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A view of the gorgeous Sicilian coast

Naples: June 23-26

As we stepped off the airplane in Naples, I was hit with the familiarities of Italian urban life: wailing European sirens, loud voices shouting, and women with colorful scarves begging for spare change. A group of eight young men all smoking cigarettes immediately approached us asking in broken English, “Taxi??” We sat in the back of the old taxi, waiting for our arrival in il centro di napoli, a place associated with great beauty and great poverty, a place brimming with juxtapositions.

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A sculpture at the contemporary art museum in Naples

Naples evokes a completely different air from the rest of Italy. Located in the South, Naples seems more hectic, more passionate, and more genuine than any other Italian city. However, it is also a very impoverished area. As we walked through the cobblestone streets, it was not unusual to see an ancient cathedral next to piles of trash that hadn’t been picked up or an unfinished, abandoned construction site. Naples is also brimming with history. Vesuvius, the large volcano, is located adjacent to the city and many tourists also make a visit to Pompeii, the ancient Roman city. While we didn’t have time to visit Pompeii, we instead opted to visit the archeological museum, which exhibits most of the artifacts found in that region.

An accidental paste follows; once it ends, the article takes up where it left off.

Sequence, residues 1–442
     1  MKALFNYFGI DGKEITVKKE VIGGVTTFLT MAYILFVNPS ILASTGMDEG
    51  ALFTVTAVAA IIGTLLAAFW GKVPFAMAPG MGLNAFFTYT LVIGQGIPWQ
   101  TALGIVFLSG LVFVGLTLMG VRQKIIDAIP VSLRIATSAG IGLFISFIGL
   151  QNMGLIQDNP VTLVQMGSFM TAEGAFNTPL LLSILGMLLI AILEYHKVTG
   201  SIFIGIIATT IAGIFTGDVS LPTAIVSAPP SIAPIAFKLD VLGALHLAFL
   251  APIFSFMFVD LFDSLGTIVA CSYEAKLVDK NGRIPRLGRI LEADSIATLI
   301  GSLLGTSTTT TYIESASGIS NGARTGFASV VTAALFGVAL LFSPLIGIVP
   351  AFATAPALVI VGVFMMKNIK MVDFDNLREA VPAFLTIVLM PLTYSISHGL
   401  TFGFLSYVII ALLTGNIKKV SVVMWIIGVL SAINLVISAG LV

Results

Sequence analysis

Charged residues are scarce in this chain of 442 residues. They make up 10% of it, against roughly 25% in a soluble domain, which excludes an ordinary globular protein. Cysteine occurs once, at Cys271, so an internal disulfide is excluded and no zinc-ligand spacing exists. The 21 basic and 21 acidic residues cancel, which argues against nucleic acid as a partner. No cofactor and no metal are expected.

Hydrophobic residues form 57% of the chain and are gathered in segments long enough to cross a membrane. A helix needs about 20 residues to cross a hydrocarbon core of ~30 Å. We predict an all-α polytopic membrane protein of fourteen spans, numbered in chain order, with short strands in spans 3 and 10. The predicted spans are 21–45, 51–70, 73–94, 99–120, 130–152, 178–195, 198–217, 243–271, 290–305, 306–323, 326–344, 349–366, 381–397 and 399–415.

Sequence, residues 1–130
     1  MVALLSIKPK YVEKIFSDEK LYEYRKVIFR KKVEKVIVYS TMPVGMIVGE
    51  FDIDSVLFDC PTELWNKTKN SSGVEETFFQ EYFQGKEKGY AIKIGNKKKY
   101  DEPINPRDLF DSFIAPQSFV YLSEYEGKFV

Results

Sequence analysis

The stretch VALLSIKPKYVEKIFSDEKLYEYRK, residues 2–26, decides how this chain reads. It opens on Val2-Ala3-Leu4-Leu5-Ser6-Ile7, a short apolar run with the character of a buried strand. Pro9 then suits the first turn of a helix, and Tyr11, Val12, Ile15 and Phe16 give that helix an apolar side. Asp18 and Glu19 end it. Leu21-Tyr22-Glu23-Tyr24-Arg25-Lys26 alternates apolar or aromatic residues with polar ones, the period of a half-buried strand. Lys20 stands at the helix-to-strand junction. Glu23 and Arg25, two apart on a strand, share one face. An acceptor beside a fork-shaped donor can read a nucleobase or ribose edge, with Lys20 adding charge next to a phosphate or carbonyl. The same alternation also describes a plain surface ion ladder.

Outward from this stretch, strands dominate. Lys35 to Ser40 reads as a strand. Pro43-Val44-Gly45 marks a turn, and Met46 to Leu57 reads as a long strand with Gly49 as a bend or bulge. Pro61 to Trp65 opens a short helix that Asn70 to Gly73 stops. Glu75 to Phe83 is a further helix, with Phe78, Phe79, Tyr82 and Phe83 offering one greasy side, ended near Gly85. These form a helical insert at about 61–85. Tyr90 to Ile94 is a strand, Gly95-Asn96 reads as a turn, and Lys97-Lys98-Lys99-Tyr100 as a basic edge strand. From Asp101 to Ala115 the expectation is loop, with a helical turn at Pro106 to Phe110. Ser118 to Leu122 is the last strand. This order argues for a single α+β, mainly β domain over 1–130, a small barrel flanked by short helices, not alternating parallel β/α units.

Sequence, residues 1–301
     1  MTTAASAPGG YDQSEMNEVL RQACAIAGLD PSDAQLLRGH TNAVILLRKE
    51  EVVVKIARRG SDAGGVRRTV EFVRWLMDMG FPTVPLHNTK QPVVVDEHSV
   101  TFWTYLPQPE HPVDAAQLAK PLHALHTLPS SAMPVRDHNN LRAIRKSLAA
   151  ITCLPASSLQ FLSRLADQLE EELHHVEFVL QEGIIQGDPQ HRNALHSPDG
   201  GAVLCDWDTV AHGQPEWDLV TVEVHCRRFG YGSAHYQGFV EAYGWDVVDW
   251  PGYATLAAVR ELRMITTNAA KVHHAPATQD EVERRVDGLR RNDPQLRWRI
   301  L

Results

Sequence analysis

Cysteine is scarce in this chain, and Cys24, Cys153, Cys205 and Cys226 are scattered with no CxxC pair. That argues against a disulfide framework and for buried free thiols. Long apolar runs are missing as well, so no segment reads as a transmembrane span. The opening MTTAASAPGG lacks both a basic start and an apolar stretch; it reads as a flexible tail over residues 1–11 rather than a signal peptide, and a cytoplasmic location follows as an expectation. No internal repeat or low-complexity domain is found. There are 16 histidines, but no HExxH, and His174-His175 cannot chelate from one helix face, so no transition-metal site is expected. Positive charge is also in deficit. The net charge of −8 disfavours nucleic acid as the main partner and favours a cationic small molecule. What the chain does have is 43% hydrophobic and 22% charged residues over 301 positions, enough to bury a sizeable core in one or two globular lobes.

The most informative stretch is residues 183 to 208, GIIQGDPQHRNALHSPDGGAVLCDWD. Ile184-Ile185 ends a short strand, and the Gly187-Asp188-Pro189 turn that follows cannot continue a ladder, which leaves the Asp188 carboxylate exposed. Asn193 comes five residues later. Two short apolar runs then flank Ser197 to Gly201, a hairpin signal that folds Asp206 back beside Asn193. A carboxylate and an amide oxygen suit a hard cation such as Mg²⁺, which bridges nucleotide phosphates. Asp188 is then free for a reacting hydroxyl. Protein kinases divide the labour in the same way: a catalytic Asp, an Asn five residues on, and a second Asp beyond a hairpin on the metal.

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A street in the city center of Naples

San Cassiano: June 27-July 31 

San Cassiano was our final stop; we’ll be spending a month in this small village in the hills of Lucca. Staying in this village has been a lesson in food and its history – in fact, good preparation for my anthropology course next semester exploring food and culture. The village we’re staying in is a picturesque Italian town. The buildings are made of old stone, nature runs wild, and nobody speaks English.

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Old architectural details in the town of Lucca

Sometimes on our drive down to the main town, we have to turn the car off for a bit as we wait for a herd of goats to cross the road. Our next door neighbor here is a woodcutter and hunter who raises rabbits and wild boar used in the village’s various pasta sauces. His aunt is a shepherd who delivers fresh ricotta cheese to our door in the morning, sometimes bringing us fresh eggs from her hens as well. When we go out to dinner, the chef at the local restaurant runs outside to the garden to pick sage for our ravioli and fresh lettuces for our salads. Life here is slow-paced and centered around an appreciation for food, family, and the region’s longstanding traditions.  

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A run-in with a herd of goats…

It’s been wonderful exploring the country’s traditions, language, and art and food scene and I look forward to spending the coming few weeks continuing to immerse myself in the Italian culture.